ENMCH9-Nineteenth Century Children's Literature

Module Provider: English Literature
Number of credits: 20 [10 ECTS credits]
Level:7
Terms in which taught: Autumn / Spring term module
Pre-requisites:
Non-modular pre-requisites:
Co-requisites:
Modules excluded:
Current from: 2019/0

Module Convenor: Dr Neil Cocks

Email: n.h.cocks@reading.ac.uk

Type of module:

Summary module description:
This module serves two main functions: firstly, to familiarise students with important children's fiction from the 19th century, including works by Charles Kingsley, Catherine Sinclair, Lewis Carroll, Charlotte Yonge, and Mrs. Ewing. Secondly, the module addresses theoretical questions to do, for instance, with genre, gender, and class, as well with literary history and period-definitions. The module therefore aims not just to discuss texts, but also to ask: why these texts? and what is 'history'? and, perhaps most importantly, what (if any) are the relationships between 'history' and the reading of texts?

Aims:
This module serves two main functions: firstly, to familiarise students with important children's fiction from the 19th century, including works by Charles Kingsley, Catherine Sinclair, Lewis Carroll, Charlotte Yonge, and Mrs. Ewing. Secondly, the module addresses theoretical questions to do, for instance, with genre, gender, and class, as well with literary history and period-definitions. The module therefore aims not just to discuss texts, but also to ask: why these texts? and what is 'history'? and, perhaps most importantly, what (if any) are the relationships between 'history' and the reading of texts?

Assessable learning outcomes:
Students must produce a 3000-3500 word essay considering a selection of nineteenth century text or texts, and/or addressing issues raised on the module, such as ideas of period, genre, and identity. The essay must demonstrate an awareness of relevant theoretical issues and questions, and of how these issues might be included and formulated in the writing of the essay. The essay must therefore demonstrate too the student's ability to reflect on their own critical practices and assumptions, and their ability to revise and adjust their thinking and writing in the light of this reflection.

Additional outcomes:
In addition to the above, students will:
1)be able to formulate questions and recognise relevant problems and complexities.
2)be able to examine and question their own assumptions, arguments and choices of critical languages.
3)be able to analyse arguments made by others in terms of their assumptions and claims, including those of their tutor.
4)be able to read any text - fictional, critical, or non-fictional - closely and be able to analyse its precise use of language.
5)be able to think out loud and engage in peer-group discussion and debate.
6)be able to question notions of authority and think in an independent manner relevant to their own development.

Outline content:
Important children's fiction from the 19th century is read, including works by Charles Kingsley, Catherine Sinclair, Lewis Carroll, Charlotte Yonge, and Mrs. Ewing, and works which relate to issues relevant to the module, such as J. J. Rousseau's Emile.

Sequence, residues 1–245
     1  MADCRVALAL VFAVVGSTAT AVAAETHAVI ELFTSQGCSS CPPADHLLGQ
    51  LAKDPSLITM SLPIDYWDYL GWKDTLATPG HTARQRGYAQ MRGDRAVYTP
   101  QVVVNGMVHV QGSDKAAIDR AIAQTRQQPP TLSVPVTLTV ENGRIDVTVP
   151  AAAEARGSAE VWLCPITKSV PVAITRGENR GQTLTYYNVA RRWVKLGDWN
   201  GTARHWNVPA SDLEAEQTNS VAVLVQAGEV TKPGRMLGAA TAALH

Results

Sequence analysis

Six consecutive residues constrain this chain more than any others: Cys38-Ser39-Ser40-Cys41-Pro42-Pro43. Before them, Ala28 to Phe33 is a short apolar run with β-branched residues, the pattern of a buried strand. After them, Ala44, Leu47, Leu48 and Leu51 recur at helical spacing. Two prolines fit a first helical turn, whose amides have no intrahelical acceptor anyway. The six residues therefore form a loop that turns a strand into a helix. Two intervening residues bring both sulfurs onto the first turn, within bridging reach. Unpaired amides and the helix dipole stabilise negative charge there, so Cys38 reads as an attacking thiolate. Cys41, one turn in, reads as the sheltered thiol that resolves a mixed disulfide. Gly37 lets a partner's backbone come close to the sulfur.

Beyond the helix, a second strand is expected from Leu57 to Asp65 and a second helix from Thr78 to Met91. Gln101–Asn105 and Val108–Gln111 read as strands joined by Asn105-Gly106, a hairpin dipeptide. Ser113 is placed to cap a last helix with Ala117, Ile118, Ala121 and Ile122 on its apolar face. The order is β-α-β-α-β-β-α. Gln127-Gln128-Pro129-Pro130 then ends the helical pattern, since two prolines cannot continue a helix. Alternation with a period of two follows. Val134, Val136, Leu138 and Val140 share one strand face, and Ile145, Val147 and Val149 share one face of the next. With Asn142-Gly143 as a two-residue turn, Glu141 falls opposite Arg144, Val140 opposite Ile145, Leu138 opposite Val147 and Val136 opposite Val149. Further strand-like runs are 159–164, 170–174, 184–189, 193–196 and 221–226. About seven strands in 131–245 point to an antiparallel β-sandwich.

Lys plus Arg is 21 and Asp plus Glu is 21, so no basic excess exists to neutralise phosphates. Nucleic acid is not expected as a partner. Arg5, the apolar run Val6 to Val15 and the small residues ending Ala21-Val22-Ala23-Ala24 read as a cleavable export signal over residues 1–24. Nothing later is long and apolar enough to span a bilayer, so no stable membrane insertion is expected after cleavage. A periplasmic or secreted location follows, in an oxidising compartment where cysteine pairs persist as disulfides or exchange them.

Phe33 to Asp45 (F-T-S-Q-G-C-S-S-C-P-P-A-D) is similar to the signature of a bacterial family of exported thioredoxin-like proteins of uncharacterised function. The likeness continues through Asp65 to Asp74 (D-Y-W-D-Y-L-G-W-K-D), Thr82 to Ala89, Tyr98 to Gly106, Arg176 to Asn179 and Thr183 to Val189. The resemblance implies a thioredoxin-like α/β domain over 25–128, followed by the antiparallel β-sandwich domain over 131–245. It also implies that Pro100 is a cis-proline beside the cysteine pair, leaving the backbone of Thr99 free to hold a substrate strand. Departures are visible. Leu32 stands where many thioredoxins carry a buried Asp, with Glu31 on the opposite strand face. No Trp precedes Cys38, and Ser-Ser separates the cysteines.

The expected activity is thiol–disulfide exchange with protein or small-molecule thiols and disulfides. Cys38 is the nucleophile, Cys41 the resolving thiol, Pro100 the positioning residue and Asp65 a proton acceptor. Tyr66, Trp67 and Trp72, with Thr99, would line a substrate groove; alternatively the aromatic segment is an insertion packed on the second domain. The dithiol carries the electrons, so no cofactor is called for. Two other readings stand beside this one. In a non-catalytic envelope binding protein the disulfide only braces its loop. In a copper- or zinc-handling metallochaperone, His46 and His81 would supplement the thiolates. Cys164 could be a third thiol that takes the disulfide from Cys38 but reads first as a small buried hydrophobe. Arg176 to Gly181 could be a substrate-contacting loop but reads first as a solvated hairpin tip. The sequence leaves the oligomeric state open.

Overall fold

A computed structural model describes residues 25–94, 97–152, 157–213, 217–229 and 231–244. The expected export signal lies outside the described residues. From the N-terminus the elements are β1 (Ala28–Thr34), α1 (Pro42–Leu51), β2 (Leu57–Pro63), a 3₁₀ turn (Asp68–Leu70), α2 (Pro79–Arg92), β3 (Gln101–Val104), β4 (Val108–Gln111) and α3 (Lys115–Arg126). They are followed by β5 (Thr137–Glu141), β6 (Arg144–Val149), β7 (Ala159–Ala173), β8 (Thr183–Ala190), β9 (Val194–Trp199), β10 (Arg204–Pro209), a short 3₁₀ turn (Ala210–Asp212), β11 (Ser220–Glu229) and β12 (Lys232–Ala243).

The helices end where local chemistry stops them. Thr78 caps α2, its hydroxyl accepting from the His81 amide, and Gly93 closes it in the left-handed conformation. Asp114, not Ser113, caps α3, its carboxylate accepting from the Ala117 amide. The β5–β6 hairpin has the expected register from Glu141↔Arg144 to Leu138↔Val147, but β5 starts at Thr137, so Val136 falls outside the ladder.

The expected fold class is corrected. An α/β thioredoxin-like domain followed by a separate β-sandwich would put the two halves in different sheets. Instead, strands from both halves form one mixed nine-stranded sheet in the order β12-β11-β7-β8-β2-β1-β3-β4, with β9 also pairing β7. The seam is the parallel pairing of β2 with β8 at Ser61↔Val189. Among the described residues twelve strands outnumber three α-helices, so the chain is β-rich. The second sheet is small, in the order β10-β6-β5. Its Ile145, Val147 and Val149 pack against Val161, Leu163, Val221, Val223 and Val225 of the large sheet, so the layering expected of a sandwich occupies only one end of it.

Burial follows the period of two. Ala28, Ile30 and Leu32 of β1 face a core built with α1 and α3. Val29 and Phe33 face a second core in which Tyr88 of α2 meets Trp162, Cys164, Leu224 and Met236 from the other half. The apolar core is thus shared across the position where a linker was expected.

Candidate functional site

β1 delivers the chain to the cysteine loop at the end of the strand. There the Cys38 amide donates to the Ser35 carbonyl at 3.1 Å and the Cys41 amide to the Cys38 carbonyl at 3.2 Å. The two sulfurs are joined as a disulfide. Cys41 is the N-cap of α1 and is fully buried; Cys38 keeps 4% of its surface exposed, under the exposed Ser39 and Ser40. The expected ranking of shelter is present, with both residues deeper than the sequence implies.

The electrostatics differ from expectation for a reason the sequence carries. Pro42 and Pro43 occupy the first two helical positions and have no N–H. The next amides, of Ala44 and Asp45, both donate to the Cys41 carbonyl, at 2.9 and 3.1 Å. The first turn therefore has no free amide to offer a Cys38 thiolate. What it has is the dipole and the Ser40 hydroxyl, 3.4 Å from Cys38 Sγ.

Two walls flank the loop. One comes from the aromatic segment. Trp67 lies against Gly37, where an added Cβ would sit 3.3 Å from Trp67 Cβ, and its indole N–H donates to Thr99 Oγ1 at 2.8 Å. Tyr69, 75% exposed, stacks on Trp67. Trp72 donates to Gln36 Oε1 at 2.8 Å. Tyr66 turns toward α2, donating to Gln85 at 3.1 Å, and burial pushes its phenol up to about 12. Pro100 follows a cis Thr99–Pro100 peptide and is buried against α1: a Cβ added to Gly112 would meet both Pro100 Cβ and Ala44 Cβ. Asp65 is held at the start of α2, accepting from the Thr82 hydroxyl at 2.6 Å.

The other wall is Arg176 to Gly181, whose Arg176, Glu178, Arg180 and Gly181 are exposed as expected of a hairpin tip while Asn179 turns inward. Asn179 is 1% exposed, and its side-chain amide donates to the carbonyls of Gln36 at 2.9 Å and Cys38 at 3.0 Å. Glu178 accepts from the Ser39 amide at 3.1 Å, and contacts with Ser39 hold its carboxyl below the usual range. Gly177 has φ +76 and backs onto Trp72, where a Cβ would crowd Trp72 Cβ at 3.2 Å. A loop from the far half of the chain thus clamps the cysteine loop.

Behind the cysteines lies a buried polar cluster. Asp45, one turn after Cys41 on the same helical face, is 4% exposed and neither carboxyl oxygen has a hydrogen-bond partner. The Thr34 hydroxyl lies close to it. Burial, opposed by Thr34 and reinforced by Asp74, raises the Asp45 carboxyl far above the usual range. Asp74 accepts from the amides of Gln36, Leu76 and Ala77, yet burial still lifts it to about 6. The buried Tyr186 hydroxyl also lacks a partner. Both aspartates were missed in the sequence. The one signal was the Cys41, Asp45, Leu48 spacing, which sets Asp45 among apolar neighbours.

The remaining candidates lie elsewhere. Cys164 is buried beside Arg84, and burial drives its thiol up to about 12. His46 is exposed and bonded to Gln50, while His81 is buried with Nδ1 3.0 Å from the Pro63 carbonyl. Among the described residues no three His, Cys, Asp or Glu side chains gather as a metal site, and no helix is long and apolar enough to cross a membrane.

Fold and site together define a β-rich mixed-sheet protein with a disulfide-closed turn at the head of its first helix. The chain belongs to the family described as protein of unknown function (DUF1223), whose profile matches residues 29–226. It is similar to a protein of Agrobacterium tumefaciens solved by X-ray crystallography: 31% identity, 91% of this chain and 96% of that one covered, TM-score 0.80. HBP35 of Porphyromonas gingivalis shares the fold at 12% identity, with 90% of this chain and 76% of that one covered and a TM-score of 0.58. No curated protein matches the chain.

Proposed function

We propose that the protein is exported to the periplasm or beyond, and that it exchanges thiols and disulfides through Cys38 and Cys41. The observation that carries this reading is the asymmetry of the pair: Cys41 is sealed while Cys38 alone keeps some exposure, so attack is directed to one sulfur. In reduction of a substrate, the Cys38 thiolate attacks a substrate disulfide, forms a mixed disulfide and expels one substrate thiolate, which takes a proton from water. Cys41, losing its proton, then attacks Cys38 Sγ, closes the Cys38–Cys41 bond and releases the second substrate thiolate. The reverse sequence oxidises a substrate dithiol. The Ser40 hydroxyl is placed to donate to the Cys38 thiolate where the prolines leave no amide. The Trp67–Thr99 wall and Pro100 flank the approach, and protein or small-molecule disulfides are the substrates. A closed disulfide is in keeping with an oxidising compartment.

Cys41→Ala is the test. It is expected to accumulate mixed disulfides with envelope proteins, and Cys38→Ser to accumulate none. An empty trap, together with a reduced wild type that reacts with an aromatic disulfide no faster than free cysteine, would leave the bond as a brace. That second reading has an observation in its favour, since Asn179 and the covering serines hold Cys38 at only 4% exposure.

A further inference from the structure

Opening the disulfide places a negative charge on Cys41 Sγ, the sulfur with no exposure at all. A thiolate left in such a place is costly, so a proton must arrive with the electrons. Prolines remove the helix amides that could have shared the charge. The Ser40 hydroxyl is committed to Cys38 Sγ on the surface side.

Brief description of teaching and learning methods:
The module consists of twenty two once-weekly classes of one hour's duration. The classes are taught in a seminar format, with students preparing a set text before classes, and engaging in group discussion in the seminars, under the tutor's guidance.

Contact hours:
  Autumn Spring Summer
Seminars 11 11
Project Supervision 1
Guided independent study: 89 88
       
Total hours by term 10 10
       
Total hours for module 200

Summative Assessment Methods:
Method Percentage
Written assignment including essay 100

Summative assessment- Examinations:
Not applicable.

Summative assessment- Coursework and in-class tests:
One 3000-3500 word piece of written work (date of submission subject to staff-student committee confirmation every year).

Formative assessment methods:
Formative assessment consists of feedback on seminar participation and extensive feedback on all written work.

Penalties for late submission:
Penalties for late submission on this module are in accordance with the University policy. Please refer to page 5 of the Postgraduate Guide to Assessment for further information: http://www.reading.ac.uk/internal/exams/student/exa-guidePG.aspx

Assessment requirements for a pass:
50%.

Reassessment arrangements:
If the student submits an unsatisfactory coursework essay or assignment, the student will be allowed to re-submit the piece once more after tutorial consultation
If the student is required to be re-examined on the coursework essays, they may be permitted one calendar month's extension for the subsequent submission of the dissertation.

Additional Costs (specified where applicable):
1) Required text books:
2) Specialist equipment or materials:
3) Specialist clothing, footwear or headgear:
4) Printing and binding:
5) Computers and devices with a particular specification:
6) Travel, accommodation and subsistence:

Last updated: 10 April 2019

THE INFORMATION CONTAINED IN THIS MODULE DESCRIPTION DOES NOT FORM ANY PART OF A STUDENT'S CONTRACT.

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